Karl Kieburtz, MD, MPH
Professor of Neurology and Community and Preventitive Medicine at University of Rochester Medical Center
Location: Rochester, New York
Karl Kieburtz obtained his BA in Neuroscience from Amherst College. He completed his MD and MPH degrees at the University of Rochester, as well as his residency and a fellowship in Experimental Therapeutics. He is currently a Professor in the Departments of Neurology and Community and Preventative Medicine and is the Director of the Clinical Trials Coordination Center (CTCC) at the University of Rochester. In addition, he is the chair of the Parkinson’s Study Group (PSG) Executive Committee and Executive Committee member and Coordination Center Director for the Huntington Study Group (HSG). Both the PSG and HSG, along with the CTCC, foster multi-institutional academic research and coordinate multi-center trials examining the symptomatic and neuroprotective effects of experimental interventions for neurodegenerative diseases.
Dr. Kieburtz’s research interests focus on treating neurodegenerative diseases, particularly Parkinson’s disease and Huntington’s disease. He is also interested in trials of potential neuroprotective agents for the treatment of neurodegenerative diseases. He has active or prior NIH funding as a principal investigator or co-principal investigator for multi-center trials in PD, HD, and HIV-related neurological disorders.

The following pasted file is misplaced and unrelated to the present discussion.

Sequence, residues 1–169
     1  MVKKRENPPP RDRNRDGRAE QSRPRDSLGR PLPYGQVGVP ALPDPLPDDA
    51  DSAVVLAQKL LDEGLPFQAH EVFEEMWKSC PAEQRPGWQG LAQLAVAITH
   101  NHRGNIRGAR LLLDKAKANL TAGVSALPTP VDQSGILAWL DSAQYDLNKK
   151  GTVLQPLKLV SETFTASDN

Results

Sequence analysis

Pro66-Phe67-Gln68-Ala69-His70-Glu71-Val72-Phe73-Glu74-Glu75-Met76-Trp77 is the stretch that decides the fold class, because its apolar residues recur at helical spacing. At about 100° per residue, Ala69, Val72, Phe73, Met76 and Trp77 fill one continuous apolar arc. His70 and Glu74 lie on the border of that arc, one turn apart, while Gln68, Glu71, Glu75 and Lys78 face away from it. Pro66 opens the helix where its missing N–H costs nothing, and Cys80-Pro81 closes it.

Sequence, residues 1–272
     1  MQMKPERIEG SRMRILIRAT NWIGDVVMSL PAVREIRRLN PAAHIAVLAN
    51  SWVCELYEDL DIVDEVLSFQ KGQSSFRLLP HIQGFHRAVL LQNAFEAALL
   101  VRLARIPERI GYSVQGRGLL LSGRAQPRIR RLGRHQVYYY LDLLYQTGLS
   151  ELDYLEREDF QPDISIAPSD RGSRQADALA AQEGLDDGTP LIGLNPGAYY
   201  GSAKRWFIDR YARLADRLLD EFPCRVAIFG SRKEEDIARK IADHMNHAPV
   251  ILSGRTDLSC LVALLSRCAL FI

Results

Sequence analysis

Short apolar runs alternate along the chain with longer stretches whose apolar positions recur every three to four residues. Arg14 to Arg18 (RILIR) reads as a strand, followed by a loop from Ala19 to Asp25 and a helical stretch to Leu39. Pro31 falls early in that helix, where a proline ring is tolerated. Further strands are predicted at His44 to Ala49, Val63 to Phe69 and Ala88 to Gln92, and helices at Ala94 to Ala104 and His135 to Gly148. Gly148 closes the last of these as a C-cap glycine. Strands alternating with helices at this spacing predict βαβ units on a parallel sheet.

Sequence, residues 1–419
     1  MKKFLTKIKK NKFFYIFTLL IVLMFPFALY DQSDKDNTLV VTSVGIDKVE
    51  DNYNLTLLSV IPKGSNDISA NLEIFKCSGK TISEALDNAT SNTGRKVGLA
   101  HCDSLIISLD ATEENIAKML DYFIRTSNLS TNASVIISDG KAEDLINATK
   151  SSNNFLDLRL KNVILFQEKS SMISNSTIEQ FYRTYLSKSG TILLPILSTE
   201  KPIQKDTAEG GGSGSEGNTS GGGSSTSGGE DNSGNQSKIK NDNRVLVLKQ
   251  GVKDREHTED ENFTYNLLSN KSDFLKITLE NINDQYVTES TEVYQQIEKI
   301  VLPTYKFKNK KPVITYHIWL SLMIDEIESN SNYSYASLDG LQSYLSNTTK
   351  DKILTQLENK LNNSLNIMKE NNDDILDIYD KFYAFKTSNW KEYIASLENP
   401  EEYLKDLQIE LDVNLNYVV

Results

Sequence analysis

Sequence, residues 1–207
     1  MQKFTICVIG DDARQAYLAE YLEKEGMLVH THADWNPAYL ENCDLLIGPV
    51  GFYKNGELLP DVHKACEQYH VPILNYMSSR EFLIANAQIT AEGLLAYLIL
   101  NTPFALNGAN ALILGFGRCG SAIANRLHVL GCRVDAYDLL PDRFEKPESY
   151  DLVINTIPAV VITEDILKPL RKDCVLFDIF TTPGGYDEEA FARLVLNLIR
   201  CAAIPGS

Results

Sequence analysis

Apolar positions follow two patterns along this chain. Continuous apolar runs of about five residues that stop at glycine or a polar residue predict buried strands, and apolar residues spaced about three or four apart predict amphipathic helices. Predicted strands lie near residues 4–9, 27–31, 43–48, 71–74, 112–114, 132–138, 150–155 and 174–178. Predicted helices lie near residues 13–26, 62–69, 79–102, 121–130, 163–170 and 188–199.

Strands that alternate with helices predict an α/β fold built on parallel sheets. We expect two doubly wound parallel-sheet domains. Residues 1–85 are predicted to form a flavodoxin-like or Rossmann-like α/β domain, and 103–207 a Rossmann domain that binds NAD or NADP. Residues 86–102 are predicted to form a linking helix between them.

Dr. Kieburtz is chair of the FDA Peripheral and Central Nervous System Drugs Advisory Committee and sits on the American Academy of Neurology (AAN) Clinical Research Subcommittee, the International Executive Committee of the Movement Disorders Society (MDS), the Board of Directors for the American Society for Experimental NeuroTherapeutics (ASENT), and the Council of the American Neurological Association (ANA).
- Making PSG Databases Available to Researchers (2010)
- NIC-PD Trial to Assess the Disease-modifying Potential of Transdermal Nicotine in Early Parkinson's Disease (2009)
- Inosine for Parkinson's Disease: Safety and Trial Design Optimization (2007)
- Ethics of Sham Surgery Controls to Test Novel Parkinson's Disease Interventions (2007)